That’s a very interesting point.

      Joe,
      How much is each deal worth? Or do I need to subscribe to JSBM for that one? 🙂

      Thanks for another great blog!

  8. Thank you for good read. Being pole I’m obviously biased but what public seems to forget is that Kubica is one of few drivers with extensive knowledge of being testing driver when testing ment driving the car around for months. Because of that he seems to “understand” f1 machinery that bit better and he can actually pass that info to engineers. That is I believe something which Williams needs badly as clearly they not using the package best they can with Massa/Stroll and none of others mentioned has any experience in developing.

    For the sake of argument I’ll leave behind whether he is fit physically to do this. The man himself said he can and as far as I’m concerned it is enough!

    BTW – put RK in Haas Ferrari and you will have a great PR in USA from the start, while he can get ready to fulfill his previous commitments with prancing horses would be my dream…. 🙂

  9. With regards to Kubica (and speaking as someone who rated him highly back in the day) if we put aside his injuries for a moment, surely the same argument made against the many former F1 drivers suggested here (by posters not Joe) and haven’t raced in F1 for the last few years – i.e. that they are ‘out of date’ – can also be made against him? It would be great to see him back in F1 but as Joe always says, F1 is nothing if not pragmatic and I’m sure Williams will make the decision accordingly.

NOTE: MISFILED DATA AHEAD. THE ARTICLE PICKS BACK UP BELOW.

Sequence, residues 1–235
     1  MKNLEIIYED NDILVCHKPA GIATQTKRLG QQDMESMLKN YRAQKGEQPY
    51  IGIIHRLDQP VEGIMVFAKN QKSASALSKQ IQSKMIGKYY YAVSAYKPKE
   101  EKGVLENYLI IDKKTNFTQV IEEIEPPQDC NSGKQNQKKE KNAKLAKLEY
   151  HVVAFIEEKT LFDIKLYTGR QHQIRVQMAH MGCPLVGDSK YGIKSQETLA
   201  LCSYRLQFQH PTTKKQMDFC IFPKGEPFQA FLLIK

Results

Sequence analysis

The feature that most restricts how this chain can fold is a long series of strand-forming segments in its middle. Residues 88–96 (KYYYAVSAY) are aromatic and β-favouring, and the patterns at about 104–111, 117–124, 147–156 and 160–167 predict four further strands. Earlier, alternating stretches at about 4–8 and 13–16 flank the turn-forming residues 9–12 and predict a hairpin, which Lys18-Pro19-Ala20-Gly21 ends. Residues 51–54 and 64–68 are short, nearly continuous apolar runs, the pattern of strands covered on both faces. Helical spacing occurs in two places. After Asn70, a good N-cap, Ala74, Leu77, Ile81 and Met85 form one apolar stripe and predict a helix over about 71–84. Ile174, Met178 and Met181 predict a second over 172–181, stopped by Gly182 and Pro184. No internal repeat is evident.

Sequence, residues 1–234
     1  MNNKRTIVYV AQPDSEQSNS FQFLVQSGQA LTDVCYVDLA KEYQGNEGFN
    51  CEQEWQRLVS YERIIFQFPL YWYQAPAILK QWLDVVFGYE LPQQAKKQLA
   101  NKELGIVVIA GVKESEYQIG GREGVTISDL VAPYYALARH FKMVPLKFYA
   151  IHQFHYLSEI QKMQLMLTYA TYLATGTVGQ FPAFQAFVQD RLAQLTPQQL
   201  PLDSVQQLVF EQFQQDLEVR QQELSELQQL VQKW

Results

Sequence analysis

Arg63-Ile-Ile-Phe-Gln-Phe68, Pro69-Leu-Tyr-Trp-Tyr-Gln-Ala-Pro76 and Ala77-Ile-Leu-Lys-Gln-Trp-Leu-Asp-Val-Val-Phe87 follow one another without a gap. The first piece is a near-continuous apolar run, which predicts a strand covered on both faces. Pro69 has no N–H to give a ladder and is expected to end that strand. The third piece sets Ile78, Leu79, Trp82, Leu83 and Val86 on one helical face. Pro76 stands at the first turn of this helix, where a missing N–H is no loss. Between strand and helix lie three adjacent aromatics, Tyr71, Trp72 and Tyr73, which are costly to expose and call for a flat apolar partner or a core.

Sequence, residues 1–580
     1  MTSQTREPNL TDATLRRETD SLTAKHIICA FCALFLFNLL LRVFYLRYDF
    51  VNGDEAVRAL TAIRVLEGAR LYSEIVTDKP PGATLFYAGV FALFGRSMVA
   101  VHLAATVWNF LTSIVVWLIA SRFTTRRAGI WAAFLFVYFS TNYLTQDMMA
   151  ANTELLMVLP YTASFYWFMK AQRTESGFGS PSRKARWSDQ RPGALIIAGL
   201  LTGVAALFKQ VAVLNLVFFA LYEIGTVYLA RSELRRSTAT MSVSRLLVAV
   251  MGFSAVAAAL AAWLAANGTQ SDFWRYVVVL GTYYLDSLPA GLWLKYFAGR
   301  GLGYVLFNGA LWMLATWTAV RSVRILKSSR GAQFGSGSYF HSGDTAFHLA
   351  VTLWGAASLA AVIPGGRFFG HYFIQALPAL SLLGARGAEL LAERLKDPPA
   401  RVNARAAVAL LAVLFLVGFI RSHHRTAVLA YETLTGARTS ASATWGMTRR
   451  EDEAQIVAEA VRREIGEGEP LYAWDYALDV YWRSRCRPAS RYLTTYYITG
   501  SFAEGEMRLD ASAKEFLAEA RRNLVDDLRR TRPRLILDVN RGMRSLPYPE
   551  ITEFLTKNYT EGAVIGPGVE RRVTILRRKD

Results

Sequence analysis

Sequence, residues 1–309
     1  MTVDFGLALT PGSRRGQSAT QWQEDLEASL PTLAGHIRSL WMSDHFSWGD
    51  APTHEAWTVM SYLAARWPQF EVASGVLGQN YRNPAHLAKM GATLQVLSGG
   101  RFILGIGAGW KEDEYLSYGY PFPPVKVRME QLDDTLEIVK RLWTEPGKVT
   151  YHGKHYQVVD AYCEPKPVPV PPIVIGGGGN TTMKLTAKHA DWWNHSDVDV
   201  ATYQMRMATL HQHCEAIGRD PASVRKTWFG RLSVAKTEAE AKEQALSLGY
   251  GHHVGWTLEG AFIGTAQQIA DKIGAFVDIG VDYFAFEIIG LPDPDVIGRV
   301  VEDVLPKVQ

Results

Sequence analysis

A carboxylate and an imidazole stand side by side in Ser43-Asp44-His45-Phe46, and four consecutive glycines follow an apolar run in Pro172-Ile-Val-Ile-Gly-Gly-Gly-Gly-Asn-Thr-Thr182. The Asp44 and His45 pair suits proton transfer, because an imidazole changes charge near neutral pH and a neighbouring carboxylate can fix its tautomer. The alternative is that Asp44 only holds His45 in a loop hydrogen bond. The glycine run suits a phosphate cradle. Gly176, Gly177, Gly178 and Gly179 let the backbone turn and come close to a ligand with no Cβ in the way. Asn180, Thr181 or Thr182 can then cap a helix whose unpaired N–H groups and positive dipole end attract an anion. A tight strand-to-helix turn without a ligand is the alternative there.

10. Is the Stroll Martini thing a one off for Suzuka, or constant from now on? Looking at Malaysia and Singapore Stroll had the proper colours on him.

    I guess Austin in a week is potentially a tricky market as whilst it’s the land of the free, you’re not free enough to be 18-20 and drink.

    1. I was gonna say – not disupting it Joe but I was intrigued by the lack of branding so had a look (as I hadn’t noticed) – a quick google image search for “Lance Stroll” and “Lance Stroll 2017” shows him in full Martini Gear all the time, there’s only a couple of Williams photos where he isn’t – so they’re obviously not doing a good job of getting that message across.

  11. It is sad to see Williams reduced to this. They once were a powerhouse employing the likes of Prost, Senna, Mansell, Jones and Reutemann. Now they have the a drinks company and the wealthy father of a journeyman talent calling the shots. With Phillippe Massa as ‘lead’ driver it is hard to take Team Willie seriously any more. They survive as makeweights.

    1. I’ve thought for a long time now that Williams are going the same way as former great Tyrrell… I suppose Tyrrell morphed through BAR/Honda/Brawn to end up as Mercedes GP. So will Williams eventually end up in the electric age as Tesla GP!!